As the popularity of the dances grew, as did their absurdity, and many critics of the league considered them to be unsportsmanlike. Article 1 of Section 3 of the NFL rule book considers “excessive celebrations” those that are choreographed, use props or engenders ill will between teams, to be taunting, and liable to a penalty and fee. Whether or not this regulation can be seen as one against ‘illegal black culture’ is hard to conclude. Granted, in watching the video posted above, the questionable celebrations vary from entertaining to lewd. It must be noticed, however, that each of the athletes featured is black.
Key & Peele depict how, in the face of authority, a celebration can degenerate from fun to rebellious. Perhaps such regulations as those above in themselves contribute to negative performances as “the performance continuum of African American culture is motivated by the affirmation of individual style within the rules of the game” (Dinerstein, 176).
The NFL is an excellent model for tracking the growth of minority participation and ownership of American sport. While black athletes now make up the majority of players and have contributed obvious cultural attributes to play, they still remain the minority in power positions. This trend proves that traditional hegemonic ideology still reins in major professional athletic establishments such as the NFL, and likely in the institutions below it.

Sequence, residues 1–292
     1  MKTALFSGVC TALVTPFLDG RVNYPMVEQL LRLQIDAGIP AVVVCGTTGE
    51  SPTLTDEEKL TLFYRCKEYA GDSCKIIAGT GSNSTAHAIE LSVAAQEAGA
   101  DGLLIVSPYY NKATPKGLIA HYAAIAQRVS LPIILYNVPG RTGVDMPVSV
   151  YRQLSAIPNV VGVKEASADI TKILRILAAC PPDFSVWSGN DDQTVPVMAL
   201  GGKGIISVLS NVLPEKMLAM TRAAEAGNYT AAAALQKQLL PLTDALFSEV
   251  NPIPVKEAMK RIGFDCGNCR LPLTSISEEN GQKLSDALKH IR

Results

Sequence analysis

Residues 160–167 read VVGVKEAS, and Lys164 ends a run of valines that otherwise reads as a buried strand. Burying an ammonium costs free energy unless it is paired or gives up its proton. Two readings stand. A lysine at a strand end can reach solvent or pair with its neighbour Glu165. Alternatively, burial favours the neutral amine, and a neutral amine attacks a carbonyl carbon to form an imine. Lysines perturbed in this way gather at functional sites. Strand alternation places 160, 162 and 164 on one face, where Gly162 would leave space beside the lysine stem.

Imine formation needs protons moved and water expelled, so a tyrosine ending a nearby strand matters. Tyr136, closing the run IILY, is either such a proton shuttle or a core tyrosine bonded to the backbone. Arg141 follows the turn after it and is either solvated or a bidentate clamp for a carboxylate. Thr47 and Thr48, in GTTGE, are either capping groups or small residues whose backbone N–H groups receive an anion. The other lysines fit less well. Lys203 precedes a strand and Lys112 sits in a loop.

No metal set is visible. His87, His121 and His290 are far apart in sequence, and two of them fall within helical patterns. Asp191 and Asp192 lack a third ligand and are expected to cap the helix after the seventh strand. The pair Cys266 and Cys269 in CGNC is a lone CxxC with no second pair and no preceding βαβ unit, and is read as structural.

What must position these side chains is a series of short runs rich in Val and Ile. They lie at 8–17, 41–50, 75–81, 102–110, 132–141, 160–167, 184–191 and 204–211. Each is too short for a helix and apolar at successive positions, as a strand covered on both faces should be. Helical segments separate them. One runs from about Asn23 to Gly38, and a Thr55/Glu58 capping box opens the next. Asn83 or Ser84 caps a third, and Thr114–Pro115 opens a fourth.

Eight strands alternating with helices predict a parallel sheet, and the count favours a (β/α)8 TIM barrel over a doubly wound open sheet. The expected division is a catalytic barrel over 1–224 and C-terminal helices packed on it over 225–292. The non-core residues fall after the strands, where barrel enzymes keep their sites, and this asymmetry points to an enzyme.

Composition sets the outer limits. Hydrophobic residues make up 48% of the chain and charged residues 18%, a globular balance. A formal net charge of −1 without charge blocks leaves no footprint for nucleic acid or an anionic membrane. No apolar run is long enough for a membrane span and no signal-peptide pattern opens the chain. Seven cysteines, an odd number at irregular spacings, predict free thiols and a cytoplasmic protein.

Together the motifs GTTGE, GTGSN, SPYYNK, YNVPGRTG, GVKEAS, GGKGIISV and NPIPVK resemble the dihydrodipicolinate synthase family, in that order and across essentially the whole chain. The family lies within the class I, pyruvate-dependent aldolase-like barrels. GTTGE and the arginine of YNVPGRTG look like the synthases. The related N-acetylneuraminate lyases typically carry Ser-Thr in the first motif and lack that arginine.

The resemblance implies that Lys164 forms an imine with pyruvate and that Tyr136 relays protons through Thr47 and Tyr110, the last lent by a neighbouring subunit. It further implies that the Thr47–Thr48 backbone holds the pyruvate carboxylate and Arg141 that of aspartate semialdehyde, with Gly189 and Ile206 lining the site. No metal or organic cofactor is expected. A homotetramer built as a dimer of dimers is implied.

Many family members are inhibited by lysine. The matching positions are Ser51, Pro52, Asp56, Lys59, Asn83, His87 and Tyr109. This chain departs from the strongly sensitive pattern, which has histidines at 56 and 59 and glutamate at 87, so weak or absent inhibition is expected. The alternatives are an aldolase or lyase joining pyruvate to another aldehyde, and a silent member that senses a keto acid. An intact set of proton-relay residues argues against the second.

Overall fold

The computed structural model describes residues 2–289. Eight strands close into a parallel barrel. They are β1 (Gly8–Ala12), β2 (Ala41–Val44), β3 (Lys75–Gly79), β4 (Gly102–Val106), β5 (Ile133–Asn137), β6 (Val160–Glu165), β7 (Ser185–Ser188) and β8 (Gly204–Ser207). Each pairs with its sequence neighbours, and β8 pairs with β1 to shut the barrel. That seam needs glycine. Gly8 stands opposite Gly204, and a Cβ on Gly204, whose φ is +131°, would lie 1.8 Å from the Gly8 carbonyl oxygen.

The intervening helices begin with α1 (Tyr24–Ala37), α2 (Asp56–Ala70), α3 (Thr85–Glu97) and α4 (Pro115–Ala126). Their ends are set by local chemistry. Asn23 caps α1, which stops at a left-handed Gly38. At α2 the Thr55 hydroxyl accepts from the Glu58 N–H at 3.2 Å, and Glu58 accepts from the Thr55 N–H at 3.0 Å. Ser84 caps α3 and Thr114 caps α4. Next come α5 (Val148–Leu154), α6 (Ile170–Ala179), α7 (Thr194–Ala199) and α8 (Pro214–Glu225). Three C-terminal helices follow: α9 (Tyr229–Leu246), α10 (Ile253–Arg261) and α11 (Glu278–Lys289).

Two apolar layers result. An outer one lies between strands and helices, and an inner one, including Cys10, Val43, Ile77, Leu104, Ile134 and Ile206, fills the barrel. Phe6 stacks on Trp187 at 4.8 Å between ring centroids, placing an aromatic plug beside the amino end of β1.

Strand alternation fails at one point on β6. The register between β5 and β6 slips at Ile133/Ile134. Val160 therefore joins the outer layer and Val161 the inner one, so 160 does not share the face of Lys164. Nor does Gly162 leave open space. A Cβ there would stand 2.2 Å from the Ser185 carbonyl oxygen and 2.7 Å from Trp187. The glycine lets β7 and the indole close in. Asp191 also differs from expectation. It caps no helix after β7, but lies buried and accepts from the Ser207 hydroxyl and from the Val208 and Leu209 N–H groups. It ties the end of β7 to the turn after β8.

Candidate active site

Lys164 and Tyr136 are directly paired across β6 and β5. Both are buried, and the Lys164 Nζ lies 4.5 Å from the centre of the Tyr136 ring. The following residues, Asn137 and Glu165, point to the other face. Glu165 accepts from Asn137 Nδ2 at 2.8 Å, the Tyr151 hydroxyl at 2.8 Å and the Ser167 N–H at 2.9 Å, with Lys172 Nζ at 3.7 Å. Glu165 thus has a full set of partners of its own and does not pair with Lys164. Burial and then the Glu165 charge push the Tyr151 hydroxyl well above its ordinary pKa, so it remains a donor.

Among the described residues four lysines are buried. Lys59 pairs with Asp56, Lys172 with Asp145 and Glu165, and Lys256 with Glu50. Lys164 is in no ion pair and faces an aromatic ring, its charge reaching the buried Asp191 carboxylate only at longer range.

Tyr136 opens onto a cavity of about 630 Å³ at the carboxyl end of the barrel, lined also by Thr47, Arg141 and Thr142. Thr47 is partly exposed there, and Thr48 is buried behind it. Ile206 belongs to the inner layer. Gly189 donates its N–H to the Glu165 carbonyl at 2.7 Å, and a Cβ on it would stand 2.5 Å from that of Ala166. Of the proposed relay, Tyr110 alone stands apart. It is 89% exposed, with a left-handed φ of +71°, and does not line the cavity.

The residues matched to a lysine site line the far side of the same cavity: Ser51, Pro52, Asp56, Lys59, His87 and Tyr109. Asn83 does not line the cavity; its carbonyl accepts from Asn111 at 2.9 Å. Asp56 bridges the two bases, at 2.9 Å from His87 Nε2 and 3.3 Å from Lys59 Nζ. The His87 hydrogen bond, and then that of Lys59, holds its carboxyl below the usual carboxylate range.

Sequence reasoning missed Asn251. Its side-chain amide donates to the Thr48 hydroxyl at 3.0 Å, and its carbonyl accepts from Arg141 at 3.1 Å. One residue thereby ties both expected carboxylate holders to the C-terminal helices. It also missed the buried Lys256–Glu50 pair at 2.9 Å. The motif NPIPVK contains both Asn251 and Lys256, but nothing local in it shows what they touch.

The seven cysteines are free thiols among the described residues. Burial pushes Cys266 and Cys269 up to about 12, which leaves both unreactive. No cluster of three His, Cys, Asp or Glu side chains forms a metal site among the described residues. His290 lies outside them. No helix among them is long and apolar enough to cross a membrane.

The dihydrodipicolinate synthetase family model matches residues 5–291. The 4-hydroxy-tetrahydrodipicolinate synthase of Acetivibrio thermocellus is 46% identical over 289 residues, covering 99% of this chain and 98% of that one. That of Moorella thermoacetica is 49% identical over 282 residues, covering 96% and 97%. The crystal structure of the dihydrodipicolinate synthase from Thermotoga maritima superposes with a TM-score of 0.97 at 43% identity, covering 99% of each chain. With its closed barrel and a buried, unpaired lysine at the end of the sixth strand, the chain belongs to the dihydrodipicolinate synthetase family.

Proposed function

Abdel-Shehid, Gamal. Scrambling through the Black Atlantic: Black Quarterbacks and Americanada. Who da man? Black Masculinities and Sporting Cultures. Canadian Scholar’s Press. Toronto. 2005.
Dinerstein, Joel. Backfield in Motion: The Transformation of the NFL by Black Culture. In the Game: Race, Identity and Sports in the Twentieth Century. Amy Bass. Palgrave Macmillan. New York. 2005. Print.
Hart, Michael H. Quarterbacks, Race and Intelligence. American Renaissance. Volume 7. Issue 22. New Century Foundation. Oakton. 2011
Lapchick, Richard. The 2013 Racial and Gender Report Card: National Football League. The Institute for Diversity and Ethics in Sport. http://www.tidesport.org/RGRC/2013/2013_NFL_RGRC.pdf